Facilities and Fueling Stations and Flights, Oh My: Equitable Treatment Considerations for Today’s Student-Athlete
It is not enough to celebrate advancing the ball through the mere addition of women’s participation opportunities — schools should consciously and intentionally elevate the student-athlete experience to provide equitable treatment in the aggregate to members of men’s and women’s teams.
Equitable treatment involves meeting teams where they are and addressing each program’s unique needs to set student-athletes up for success. It involves a holistic assessment of the lived student-athlete experience across all sports at a given school. Many schools are investing heavily into resources and facilities for the benefit of women’s teams and female student-athletes. On this 50th anniversary of Title IX and in light of student-athletes calling attention to disparities, the nation is paying closer attention than ever before to the way athletics departments outfit, feed, transport, market, and coach men and women at any given school. In today’s litigious environment, equitable treatment lawsuits can be costly for schools and ultimately can divert resources away from student-athletes to high-priced Plaintiffs’ attorneys.
The best defense to a claim of inequitable treatment on the basis of sex is a good offense. Athletics departments can advance equitable treatment by regularly conducting holistic Title IX gender equity reviews of all aspects of the student-athlete experience and implementing feedback and suggestions, where appropriate, from student-athletes, coaches, athletics administrators, and external partners.
Entrepreneurs and Influencers: Women Athletes Nimbly Navigate Market Forces
The summer of 2021 marked the beginning of a new era in collegiate sports: student-athletes were permitted to monetize their own names, images, and likenesses (NIL) to enter into sponsorship and endorsement deals without forfeiting their ability to compete in NCAA sports. While male and female student-athletes alike celebrated the opportunity to market their personal brands, market forces often lead to more monetization opportunities and higher payouts for male student-athletes in certain sports. However, many women across the country have capitalized on their athletics prowess, social media engagement, and personal brands to enter into lucrative NIL deals:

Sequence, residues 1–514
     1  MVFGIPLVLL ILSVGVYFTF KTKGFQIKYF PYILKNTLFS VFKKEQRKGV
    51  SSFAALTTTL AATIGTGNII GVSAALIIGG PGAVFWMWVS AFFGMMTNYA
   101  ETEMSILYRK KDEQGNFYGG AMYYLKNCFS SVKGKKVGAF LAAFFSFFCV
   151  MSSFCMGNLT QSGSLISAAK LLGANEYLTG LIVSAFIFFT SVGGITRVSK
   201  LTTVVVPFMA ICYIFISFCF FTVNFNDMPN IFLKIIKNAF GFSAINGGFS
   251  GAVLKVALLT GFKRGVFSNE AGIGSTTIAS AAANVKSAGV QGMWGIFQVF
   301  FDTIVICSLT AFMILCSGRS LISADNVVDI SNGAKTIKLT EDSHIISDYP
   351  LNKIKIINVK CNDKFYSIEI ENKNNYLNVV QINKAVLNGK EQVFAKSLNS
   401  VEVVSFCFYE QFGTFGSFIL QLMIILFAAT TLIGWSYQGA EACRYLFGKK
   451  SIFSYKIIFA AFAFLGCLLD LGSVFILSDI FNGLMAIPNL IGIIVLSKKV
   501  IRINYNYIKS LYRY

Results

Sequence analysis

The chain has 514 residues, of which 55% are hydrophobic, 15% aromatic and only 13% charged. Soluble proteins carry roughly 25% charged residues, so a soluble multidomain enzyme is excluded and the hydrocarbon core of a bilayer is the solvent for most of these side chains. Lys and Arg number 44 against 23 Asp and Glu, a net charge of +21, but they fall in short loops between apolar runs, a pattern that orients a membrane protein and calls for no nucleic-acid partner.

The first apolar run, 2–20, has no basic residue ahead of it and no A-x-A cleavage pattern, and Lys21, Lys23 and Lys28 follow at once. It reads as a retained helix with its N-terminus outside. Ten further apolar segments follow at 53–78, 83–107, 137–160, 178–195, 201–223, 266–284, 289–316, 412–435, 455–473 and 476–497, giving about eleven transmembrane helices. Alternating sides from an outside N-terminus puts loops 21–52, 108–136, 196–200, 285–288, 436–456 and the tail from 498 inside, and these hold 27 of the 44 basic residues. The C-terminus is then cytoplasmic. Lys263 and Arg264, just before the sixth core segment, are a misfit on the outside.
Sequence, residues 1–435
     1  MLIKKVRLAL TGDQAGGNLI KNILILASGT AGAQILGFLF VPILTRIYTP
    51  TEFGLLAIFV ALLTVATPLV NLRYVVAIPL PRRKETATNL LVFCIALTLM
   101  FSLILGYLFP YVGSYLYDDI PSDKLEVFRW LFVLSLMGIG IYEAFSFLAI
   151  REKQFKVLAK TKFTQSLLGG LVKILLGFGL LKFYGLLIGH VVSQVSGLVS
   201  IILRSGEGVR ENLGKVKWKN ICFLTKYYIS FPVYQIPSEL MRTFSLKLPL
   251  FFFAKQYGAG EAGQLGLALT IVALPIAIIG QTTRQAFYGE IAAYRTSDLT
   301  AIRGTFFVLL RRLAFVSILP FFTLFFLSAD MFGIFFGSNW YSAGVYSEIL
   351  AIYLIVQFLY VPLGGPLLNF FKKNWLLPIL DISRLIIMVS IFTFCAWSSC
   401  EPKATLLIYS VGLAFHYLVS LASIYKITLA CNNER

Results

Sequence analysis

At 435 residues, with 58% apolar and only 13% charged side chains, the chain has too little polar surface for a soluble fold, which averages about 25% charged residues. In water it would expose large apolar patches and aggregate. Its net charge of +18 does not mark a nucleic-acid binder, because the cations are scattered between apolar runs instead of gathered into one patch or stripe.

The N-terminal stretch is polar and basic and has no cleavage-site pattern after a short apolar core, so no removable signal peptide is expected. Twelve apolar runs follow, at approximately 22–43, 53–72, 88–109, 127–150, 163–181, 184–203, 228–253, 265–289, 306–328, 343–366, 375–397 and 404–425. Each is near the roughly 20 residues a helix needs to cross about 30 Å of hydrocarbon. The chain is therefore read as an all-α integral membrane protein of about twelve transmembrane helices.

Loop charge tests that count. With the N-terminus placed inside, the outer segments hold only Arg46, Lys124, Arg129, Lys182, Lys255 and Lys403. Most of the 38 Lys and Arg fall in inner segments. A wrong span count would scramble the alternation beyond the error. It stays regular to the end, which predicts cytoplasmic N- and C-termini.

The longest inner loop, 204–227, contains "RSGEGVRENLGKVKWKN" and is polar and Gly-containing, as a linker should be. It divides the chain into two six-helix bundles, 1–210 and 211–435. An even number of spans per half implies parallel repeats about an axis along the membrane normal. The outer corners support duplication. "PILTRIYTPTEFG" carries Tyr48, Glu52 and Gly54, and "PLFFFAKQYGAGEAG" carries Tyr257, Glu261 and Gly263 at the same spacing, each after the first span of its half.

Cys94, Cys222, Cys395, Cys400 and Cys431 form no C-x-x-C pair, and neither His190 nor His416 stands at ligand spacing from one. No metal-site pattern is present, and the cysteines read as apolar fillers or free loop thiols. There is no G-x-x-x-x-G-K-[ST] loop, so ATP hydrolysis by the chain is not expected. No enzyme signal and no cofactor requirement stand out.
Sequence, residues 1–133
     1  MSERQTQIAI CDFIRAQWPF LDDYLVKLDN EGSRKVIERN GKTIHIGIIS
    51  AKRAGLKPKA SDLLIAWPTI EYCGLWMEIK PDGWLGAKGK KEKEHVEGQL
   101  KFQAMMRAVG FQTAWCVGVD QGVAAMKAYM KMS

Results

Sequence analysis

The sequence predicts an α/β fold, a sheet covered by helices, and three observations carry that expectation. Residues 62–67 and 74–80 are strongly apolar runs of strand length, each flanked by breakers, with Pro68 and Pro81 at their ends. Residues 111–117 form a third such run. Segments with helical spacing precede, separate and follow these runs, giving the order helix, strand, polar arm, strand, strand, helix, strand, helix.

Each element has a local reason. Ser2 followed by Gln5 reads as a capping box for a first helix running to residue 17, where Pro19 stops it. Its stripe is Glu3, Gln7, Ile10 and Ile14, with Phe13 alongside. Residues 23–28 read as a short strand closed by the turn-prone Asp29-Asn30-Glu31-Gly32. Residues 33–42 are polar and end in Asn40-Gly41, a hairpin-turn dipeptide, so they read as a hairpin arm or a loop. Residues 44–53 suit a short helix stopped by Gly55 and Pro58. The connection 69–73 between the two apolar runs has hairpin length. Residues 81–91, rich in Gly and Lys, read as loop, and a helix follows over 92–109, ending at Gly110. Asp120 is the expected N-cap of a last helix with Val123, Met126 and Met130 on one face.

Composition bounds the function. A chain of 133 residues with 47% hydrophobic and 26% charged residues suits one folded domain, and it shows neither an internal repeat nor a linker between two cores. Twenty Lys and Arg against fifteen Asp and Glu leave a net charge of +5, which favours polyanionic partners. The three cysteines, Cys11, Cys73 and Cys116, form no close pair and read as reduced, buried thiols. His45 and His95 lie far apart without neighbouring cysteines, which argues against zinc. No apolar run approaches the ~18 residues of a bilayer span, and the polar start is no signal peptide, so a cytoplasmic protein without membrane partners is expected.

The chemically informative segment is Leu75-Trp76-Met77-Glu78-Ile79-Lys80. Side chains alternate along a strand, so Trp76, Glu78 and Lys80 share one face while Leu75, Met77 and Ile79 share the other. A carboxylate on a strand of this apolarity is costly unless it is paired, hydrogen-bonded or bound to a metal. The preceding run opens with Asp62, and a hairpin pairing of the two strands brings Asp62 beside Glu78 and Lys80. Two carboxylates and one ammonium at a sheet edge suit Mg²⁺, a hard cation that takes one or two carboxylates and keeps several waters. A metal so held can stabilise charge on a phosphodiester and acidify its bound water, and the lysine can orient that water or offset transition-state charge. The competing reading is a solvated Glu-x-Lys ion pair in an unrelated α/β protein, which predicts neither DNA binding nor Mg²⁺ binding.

Louisiana State University’s gymnastics powerhouse Olivia Dunne has amassed a whopping 5.5 million followers on TikTok and 1.9 million followers on Instagram, making her one of the most-followed student-athletes in history. Dunne has signed numerous endorsement deals, and her social media profiles were prominently displayed in Times Square to celebrate the NCAA NIL rule change.
South Carolina women’s basketball national champion Aliyah Boston was offered a partnership with Orangetheory Fitness, among other opportunities, after being named the championship game’s Most Outstanding Player.
University of Connecticut women’s basketball player Paige Bueckers has signed multiple endorsement deals, including with Gatorade, and may earn upwards of $1 million annually (which is higher than the base salary for a top-four pick in the WNBA). Bueckers has 1 million Instagram followers, which the Wall Street Journal notes is “more than the twenty 2021 Men’s Final Four starters combined.”
Olympic all-around champion gymnast Sunisa Lee capitalized on her success by partnering with national and international household brands. Lee’s 1.7 million Instagram followers skyrocketed after her stellar Team Final performance during the Tokyo Games, and she has quickly become a crowd favorite at Auburn.
Colleges and universities cannot control external market forces or fan behavior, nor can they dictate the value that corporate sponsors place on partnerships with individual student-athletes. Instead, education institutions should focus on intentionally and equitably promoting athletes on men’s and women’s teams to enable them to monetize their personal NIL. Equitable efforts by the school may well insulate it from claims related to inequitable market forces.
The Business Case for Women’s Sports
Title IX has ushered in an era of unprecedented athletics participation for women, and significant sources of funding and revenue have followed those women onto the field, the mat, and the court. According to Shot:Clock Media, the 2022 Women’s College World Series averaged more than 1 million viewers per game, peaking at 2.1 million in game two of the finals. The 2022 Women’s March Madness tournament boasted record viewership as well, with 4.9 million average viewers and 5.91 million captivated women’s sports fans at the tournament’s pinnacle.
Corporations, organizations, education institutions, and student-athletes are paying attention to these market forces. WNBA Commissioner Englebert noted that “If these two facts are right: 84% of sports fans are interested in women’s sports, and women control 85% of US spending power, we should be able to really transform the way women’s sports are valued.” That quote inspired organizations like GOALS, Caroline Fitzgerald’s initiative to drive revenue and investment to women’s sports. “I believe the rise of women’s sports is the most exciting trend in sports today, and that brands, networks, and individuals would be wise to invest in women athletes sooner rather than later,” Fitzgerald explained.